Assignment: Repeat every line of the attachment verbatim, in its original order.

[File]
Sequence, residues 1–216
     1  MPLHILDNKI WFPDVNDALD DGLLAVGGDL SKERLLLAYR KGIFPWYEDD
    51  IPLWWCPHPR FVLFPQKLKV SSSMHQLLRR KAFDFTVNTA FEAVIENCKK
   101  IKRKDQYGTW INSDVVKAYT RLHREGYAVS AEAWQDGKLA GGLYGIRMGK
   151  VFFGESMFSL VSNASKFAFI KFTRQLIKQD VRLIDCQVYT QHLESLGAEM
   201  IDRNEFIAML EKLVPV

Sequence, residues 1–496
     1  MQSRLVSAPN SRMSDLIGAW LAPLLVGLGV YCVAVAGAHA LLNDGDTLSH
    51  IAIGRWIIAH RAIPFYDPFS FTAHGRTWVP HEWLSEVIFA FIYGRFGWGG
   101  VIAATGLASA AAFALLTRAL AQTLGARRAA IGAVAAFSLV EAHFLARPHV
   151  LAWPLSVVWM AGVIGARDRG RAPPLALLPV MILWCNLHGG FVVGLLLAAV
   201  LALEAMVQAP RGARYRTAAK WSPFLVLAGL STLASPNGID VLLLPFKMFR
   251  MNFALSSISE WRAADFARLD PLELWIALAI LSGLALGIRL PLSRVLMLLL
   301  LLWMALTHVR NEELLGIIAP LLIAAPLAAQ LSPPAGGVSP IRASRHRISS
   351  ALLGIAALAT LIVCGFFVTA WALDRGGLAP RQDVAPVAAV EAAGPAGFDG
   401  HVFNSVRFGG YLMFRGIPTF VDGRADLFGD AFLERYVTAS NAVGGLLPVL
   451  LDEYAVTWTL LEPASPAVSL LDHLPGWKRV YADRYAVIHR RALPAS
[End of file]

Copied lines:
Sequence, residues 1–216
     1  MPLHILDNKI WFPDVNDALD DGLLAVGGDL SKERLLLAYR KGIFPWYEDD
    51  IPLWWCPHPR FVLFPQKLKV SSSMHQLLRR KAFDFTVNTA FEAVIENCKK
   101  IKRKDQYGTW INSDVVKAYT RLHREGYAVS AEAWQDGKLA GGLYGIRMGK
   151  VFFGESMFSL VSNASKFAFI KFTRQLIKQD VRLIDCQVYT QHLESLGAEM
   201  IDRNEFIAML EKLVPV

Sequence, residues 1–496
     1  MQSRLVSAPN SRMSDLIGAW LAPLLVGLGV YCVAVAGAHA LLNDGDTLSH
    51  IAIGRWIIAH RAIPFYDPFS FTAHGRTWVP HEWLSEVIFA FIYGRFGWGG
   101  VIAATGLASA AAFALLTRAL AQTLGARRAA IGAVAAFSLV EAHFLARPHV
   151  LAWPLSVVWM AGVIGARDRG RAPPLALLPV MILWCNLHGG FVVGLLLAAV
   201  LALEAMVQAP RGARYRTAAK WSPFLVLAGL STLASPNGID VLLLPFKMFR
   251  MNFALSSISE WRAADFARLD PLELWIALAI LSGLALGIRL PLSRVLMLLL
   301  LLWMALTHVR NEELLGIIAP LLIAAPLAAQ LSPPAGGVSP IRASRHRISS
   351  ALLGIAALAT LIVCGFFVTA WALDRGGLAP RQDVAPVAAV EAAGPAGFDG
   401  HVFNSVRFGG YLMFRGIPTF VDGRADLFGD AFLERYVTAS NAVGGLLPVL
   451  LDEYAVTWTL LEPASPAVSL LDHLPGWKRV YADRYAVIHR RALPAS